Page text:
Saturday, 14 April 2012

Are We Meeting Today?

R0010719L (Ricoh GX200; water taxi and the "driver")

A Ricoh user, ismall, texted me this in the morning. We had been in contact but probably both of us tried to be not pushy. So I kept sending her email and tweets instead of calling her direct and she kept waiting for me to contact her first. Great that she texted me finally.

So we met quite early this morning. She brought alsong a film camera and a GRD3 while I a Leica X1 in case I need to put more pixels in the images, Leica D-Lux 5 for its zoom range and the GX200 mounted with the wide converter. We spent a day shooting out from the tram, on an outlying island and in an open-air market. It was a long, enjoyable day and here are some more of the shots I did with the GX200:



R0010699L R0010737L  R0010746L


Friday, 13 April 2012

Basked in Sunlight

sunlight2 (Leica D-Lux 5)

"Hey, mind me take a photo of you two," I couldn't help walking up to them and asking as the sunlit scene was so lovely, especially on a Friday evening when work is put behind the mind.

They were very willing and lost no time to look into the lens, smiling:

sunlight1Look, the man was shooting me back in secret with his LX5 mounted with a wide-angle converter. I said it'd make a better shot if they pretended to keep talking as they did when I walked up to them. They are the most willing strangers I asked for permission to shoot so far. The first shot of today was how they responded to my further request. We talked a bit about our cameras before I thanked them and walked away.

Thursday, 12 April 2012

For Security Reasons

security (Leica X1)

A wise lady friend of mine living in OZ has won herself a number of awards and medals for her life-long contributions to the environment, one of which was awarded to her by a former OZ Prime Minister which she, unfortunately, like many Aussies, distastes. But she has lots of wisdom in life to face even more paradoxical situations. I have the privilege to learn from her some of my fondest, one of which is that she thinks most people, when left to their own devices, worry too much for nothing. Seize the day, she always says, because when the chance is gone, it is gone and will very likely never come back to you again. Seize the day or stand to lose. She summarised this saying, "You can't worry about everything."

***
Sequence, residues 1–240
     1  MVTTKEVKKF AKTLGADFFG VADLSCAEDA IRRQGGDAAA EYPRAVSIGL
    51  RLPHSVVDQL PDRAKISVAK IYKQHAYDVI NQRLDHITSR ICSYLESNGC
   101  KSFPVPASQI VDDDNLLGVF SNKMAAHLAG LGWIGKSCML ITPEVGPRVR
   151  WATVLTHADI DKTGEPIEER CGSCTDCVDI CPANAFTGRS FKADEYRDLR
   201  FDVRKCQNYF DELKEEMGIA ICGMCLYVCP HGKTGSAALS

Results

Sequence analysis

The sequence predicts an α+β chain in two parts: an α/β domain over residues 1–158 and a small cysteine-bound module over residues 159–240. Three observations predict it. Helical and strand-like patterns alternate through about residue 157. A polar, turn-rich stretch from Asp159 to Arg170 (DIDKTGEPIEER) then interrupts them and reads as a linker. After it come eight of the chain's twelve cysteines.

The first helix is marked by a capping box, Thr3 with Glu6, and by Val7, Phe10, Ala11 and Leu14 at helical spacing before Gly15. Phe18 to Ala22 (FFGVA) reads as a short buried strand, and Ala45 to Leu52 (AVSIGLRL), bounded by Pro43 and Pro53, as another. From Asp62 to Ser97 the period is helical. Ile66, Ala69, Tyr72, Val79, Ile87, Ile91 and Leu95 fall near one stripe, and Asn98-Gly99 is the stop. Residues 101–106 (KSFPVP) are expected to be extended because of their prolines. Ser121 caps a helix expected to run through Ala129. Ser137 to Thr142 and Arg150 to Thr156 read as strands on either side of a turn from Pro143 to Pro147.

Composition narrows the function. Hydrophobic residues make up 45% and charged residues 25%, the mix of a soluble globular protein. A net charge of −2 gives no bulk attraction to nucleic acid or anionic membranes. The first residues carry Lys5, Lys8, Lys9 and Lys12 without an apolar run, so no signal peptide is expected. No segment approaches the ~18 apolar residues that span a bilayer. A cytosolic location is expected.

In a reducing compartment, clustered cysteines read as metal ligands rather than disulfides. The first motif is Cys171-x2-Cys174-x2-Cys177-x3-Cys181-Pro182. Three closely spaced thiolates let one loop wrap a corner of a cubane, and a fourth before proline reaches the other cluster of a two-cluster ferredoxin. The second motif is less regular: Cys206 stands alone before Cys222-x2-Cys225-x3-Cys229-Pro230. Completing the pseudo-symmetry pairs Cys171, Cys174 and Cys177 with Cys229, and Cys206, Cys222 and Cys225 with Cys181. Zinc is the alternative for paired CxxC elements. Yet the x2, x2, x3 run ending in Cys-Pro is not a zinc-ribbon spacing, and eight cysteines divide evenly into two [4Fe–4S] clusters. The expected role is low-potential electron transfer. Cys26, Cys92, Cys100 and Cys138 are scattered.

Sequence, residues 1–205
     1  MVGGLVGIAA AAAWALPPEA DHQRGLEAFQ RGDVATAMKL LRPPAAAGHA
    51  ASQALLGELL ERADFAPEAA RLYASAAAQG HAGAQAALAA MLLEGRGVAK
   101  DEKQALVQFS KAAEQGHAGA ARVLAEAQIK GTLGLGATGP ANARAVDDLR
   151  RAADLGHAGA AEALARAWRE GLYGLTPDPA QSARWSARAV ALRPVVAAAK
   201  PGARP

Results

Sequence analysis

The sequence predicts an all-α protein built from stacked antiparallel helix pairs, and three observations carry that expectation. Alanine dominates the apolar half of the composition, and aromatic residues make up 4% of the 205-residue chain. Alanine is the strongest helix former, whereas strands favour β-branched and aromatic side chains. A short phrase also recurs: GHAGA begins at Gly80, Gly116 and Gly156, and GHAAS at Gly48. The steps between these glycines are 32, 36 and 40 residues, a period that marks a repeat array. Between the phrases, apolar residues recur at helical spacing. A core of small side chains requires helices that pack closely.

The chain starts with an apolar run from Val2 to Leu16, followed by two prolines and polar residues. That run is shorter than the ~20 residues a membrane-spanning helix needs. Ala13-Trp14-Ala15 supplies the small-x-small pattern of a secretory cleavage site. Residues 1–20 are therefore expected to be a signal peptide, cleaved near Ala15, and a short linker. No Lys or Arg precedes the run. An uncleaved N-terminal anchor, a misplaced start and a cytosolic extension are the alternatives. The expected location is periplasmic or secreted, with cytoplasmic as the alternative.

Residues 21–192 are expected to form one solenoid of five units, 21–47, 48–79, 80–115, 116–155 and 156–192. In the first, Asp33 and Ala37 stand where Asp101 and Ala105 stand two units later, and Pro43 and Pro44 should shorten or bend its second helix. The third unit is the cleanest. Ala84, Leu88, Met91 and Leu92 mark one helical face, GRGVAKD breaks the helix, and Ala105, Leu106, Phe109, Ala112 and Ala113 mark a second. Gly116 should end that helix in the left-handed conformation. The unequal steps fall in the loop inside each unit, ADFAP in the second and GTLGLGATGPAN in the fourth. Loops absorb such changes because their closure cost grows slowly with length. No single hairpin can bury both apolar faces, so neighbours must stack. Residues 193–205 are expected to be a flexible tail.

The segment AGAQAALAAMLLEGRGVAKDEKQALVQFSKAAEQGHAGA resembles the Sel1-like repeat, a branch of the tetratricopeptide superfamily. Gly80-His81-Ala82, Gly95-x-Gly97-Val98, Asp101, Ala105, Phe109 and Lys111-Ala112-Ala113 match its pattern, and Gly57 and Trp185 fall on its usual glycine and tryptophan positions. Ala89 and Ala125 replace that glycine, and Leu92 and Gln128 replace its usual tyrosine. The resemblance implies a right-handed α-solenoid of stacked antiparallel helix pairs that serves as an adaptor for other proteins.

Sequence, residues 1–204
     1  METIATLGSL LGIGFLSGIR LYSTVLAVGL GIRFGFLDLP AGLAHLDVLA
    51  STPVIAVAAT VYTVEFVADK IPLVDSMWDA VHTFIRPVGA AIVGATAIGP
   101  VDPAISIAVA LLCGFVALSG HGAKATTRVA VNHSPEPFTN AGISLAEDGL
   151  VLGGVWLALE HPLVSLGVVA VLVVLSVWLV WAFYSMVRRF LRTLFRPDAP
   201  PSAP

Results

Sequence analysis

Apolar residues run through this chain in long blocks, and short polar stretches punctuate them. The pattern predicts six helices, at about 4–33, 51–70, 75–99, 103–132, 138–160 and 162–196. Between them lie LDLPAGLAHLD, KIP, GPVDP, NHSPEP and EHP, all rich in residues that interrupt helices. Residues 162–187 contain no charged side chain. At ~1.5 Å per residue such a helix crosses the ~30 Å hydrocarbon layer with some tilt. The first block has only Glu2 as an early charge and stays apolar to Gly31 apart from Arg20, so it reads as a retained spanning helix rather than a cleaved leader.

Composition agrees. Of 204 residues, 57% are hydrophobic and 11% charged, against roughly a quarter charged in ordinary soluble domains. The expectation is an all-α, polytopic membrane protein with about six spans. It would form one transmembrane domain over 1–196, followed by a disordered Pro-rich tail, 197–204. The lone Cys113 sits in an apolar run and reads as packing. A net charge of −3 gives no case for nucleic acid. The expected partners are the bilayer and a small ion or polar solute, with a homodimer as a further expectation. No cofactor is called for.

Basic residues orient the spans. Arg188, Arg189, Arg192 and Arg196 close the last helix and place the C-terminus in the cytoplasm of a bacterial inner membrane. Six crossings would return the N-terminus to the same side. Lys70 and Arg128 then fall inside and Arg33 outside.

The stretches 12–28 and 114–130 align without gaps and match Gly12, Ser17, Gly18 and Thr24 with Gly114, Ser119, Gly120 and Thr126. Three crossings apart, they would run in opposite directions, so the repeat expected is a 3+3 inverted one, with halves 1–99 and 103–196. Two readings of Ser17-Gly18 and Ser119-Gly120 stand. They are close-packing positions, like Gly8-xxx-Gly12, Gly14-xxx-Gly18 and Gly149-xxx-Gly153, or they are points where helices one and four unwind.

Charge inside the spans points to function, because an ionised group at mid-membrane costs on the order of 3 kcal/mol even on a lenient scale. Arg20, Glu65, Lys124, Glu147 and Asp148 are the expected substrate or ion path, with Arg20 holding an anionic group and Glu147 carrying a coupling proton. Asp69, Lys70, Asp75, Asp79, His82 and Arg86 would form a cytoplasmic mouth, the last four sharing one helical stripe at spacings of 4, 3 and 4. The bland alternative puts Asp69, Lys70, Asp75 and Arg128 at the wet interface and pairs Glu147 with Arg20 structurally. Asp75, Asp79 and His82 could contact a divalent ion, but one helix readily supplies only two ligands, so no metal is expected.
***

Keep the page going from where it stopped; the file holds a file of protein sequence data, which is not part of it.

This is easier said than done. An extreme fictitious example. A man goes into a a tailor shop and asks for a made-to-order shirt. After much fuss about the measuring and going through the fabrics and colours of choice, he is asked to make a down payment just to be sure. He fumbles for the money notes in his pocket but then the tailor says he must make some proof that he will surely come back for the shirt when it is ready. The man's temper rises but falls gently – he thinks, okay, maybe the old tailor has a bad past experience for that. As he compliantly hands over his business card, the tailor opens his mouth, pursing and un-pursing, and finally has the balls to utter, "Sir, for a bespoken item, I actually need to keep a copy of your identity card or passport with your company's stamp on it for security reasons." By this time, I am sure the man feels being ridiculed enough to get back the money notes, business card and take to the door at once.

Surprisingly, we are usually the tailor ourselves. We always worry too much.

So, I shouldn't be surprised to be in a similar tailor-shop situation recently where a PR personnel kept asking for proof for the loan camera items for testing. Every time, it was said to be company policy or for security's reasons. Finally I was asked for extra personal information for proof. Fact is, enough personal information has been handed over. I was supposed to get the valuable items today but wrote to voice out my bottom line and give up the loan deal at the last minute, not for security reasons but for being ridiculed enough (BTW, the loan conditions include being held responsible for "any scratches" on the camera – I have never come across such a harsh one.  What the!). You can't just worry about everything. Not for security reasons.

So, no testing for the pro camera and lenses. But I feel better without.

Wednesday, 11 April 2012

Way Too Close

too close(Leica X1)

How close are commuters stuck together in the underground train during the rush hour? Today's image gives you a clue as the camera failed to focus at even the shortest focusing distance which is 1m.  It took quite some chutzpah out of me to hold up the camera and snap this shot while around me were other commuters as close. Some eyes were laid on me as I did this shot. I went on snapping, and might have heard my pulse pounding in my ears but I just played dumb. Such excitement may be the extra addictive aspect of street photography to me.

Tuesday, 10 April 2012

Take a Spin

R0010650L (Ricoh GX200)

It appears from today's hot weather that summer is finally here. April to June is fine but Hong Kong is forbiddingly hot and unbearably humid from July through to September. The hottest period of summer is not helped by the wind blowing from Mainland China, bringing the pollutants from the manufacturing boom towns to here. No wonder when Hong Kong was still Her Majesty's colonial land, the summers saw most members of the British ruling class fly back home to hide in their personal castles by the sidewalks, er, pavements. For the locals, taking a spin on their bikes or chewing popsicles are probably great ways to chill out from the heat.

Monday, 9 April 2012

Literally Black and White

black and white (Ricoh GRD4)

This is still a public holiday in Hong Kong. I'm slacking off a bit again. Have a nice day.

Sunday, 8 April 2012